The Mystery of the Maple Syrup Smell


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It all started at the gym. I was jogging on the treadmill, a mile in, when a plume of saccharine-sweet perfume overwhelmed me. I looked to my left—a young co-ed with mascara-coated eyelashes in a pink tank top, pushed into motion. Who puts on body spray before working out? I silently scoffed, continuing my run with sugar snaps and syrup-saturated waffles revolving in mind. Twenty minutes later, she hopped off of her machine, but the smell remained. I sniffed. It was me. I was the one that smelled. I reeked of waffles.

On the subway ride home, with confusion growing, I secretly dipped my nose near shoulder, smelling, utterly confounded. Like Molly Shannon's SNL Superstar character, I kept nervously sniffing myself, trying to understand. This smell was distinct—like caramelizing sugar and fat, like a burst case of Aunt Jemima syrup, like the inside of an IHOP. When had I last eaten maple syrup, I wondered? Months prior, I went to Vermont for some early-season sugaring, bringing home jars of dark amber syrup, but I had not yet cracked the seal.

At home, a little Internet research cranked my anxiety—apparently, smelling like sugar is a red flag for a dangerous metabolic disorder, but that was mostly for persons under the age of three. My sugar consumption was normal, if not a little shallow, and no sticky stack of pancakes or French toast were suspects. I hadn't been to brunch in ages.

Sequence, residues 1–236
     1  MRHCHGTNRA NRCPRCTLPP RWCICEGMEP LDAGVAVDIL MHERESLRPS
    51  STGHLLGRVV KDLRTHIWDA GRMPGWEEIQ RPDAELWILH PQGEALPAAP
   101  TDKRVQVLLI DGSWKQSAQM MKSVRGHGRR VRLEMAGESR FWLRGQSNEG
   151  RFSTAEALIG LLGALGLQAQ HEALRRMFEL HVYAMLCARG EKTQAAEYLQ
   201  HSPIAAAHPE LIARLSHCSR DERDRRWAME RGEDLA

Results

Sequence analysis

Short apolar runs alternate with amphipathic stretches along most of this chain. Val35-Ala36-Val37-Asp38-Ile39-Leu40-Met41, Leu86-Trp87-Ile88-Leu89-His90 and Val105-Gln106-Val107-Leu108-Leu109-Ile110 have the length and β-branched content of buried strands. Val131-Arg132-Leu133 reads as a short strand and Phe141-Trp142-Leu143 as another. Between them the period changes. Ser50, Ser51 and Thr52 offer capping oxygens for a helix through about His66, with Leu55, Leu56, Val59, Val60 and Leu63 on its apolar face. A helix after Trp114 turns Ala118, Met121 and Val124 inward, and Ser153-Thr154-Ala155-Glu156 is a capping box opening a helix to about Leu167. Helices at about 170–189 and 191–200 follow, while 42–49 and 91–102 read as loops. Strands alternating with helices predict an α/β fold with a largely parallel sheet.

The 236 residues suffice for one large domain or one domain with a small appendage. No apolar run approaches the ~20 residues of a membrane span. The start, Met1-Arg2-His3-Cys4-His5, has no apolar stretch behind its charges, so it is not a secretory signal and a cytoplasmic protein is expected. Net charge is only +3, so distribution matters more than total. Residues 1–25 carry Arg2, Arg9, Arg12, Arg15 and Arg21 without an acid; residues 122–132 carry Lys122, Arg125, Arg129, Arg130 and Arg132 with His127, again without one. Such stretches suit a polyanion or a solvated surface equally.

The next day the smell remained. At work, when I was reaching up to a high shelf to grab a tray, a coworker meandered by. He turned. "You! Wow, you really smell like ... maple syrup. Weird." My sugary stink was noticeable. To me and to those close, it was almost overwhelming. "I kind of liked it initially but it's starting to make me ill," my boyfriend admitted three days later, like a sick child who stuffed himself with too much toffee ice cream. I needed to find the answer.

Sweat—which contains various trace elements, minerals, and pheromones—is almost completely odorless to humans; most bodily smells are created by the growth of bacteria after perspiration. Nevertheless, the way we smell is influenced by a multitude of factors including gender, health, and genetics. And what we eat can manipulate our particular smells from day to day. Bodily aromas are as unique as fingerprints.

The mole enchiladas you ate for lunch rarely translates directly into a smell, but bodily smells can be redolent of foods—I've smelled friends who mimic vinegary sautéing onions or musty cumin-laced meat. During digestion, certain foods can cause unique aromas to arise. After a garlic-heavy meal, some eaters leak pungent sweat, as their bodies metabolize sulfurous compounds. Garlic is rich in allyl methyl sulfide, which can be exuded through pores the following day. And most of us are familiar with the acrid greenish smell that comes shortly after consuming asparagus, a result of the methyl mercaptan that is released in urine.

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Scarlett Lindeman is a New York City-based food writer and perpetual line-cook. She just received her master's degree in Food Studies from New York University.

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